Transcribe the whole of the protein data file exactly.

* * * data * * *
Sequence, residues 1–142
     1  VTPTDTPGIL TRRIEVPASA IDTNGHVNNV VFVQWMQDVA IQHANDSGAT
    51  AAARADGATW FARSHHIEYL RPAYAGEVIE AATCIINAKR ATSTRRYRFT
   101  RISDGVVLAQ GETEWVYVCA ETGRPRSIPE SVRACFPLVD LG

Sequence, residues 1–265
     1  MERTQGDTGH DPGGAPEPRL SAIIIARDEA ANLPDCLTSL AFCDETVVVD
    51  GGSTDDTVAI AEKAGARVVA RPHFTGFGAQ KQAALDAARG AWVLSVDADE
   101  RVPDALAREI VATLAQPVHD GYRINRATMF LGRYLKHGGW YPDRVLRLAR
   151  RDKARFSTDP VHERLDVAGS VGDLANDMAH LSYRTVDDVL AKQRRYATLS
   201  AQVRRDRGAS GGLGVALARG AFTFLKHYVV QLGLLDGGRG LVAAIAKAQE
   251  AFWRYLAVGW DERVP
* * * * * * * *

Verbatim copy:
Sequence, residues 1–142
     1  VTPTDTPGIL TRRIEVPASA IDTNGHVNNV VFVQWMQDVA IQHANDSGAT
    51  AAARADGATW FARSHHIEYL RPAYAGEVIE AATCIINAKR ATSTRRYRFT
   101  RISDGVVLAQ GETEWVYVCA ETGRPRSIPE SVRACFPLVD LG

Sequence, residues 1–265
     1  MERTQGDTGH DPGGAPEPRL SAIIIARDEA ANLPDCLTSL AFCDETVVVD
    51  GGSTDDTVAI AEKAGARVVA RPHFTGFGAQ KQAALDAARG AWVLSVDADE
   101  RVPDALAREI VATLAQPVHD GYRINRATMF LGRYLKHGGW YPDRVLRLAR
   151  RDKARFSTDP VHERLDVAGS VGDLANDMAH LSYRTVDDVL AKQRRYATLS
   201  AQVRRDRGAS GGLGVALARG AFTFLKHYVV QLGLLDGGRG LVAAIAKAQE
   251  AFWRYLAVGW DERVP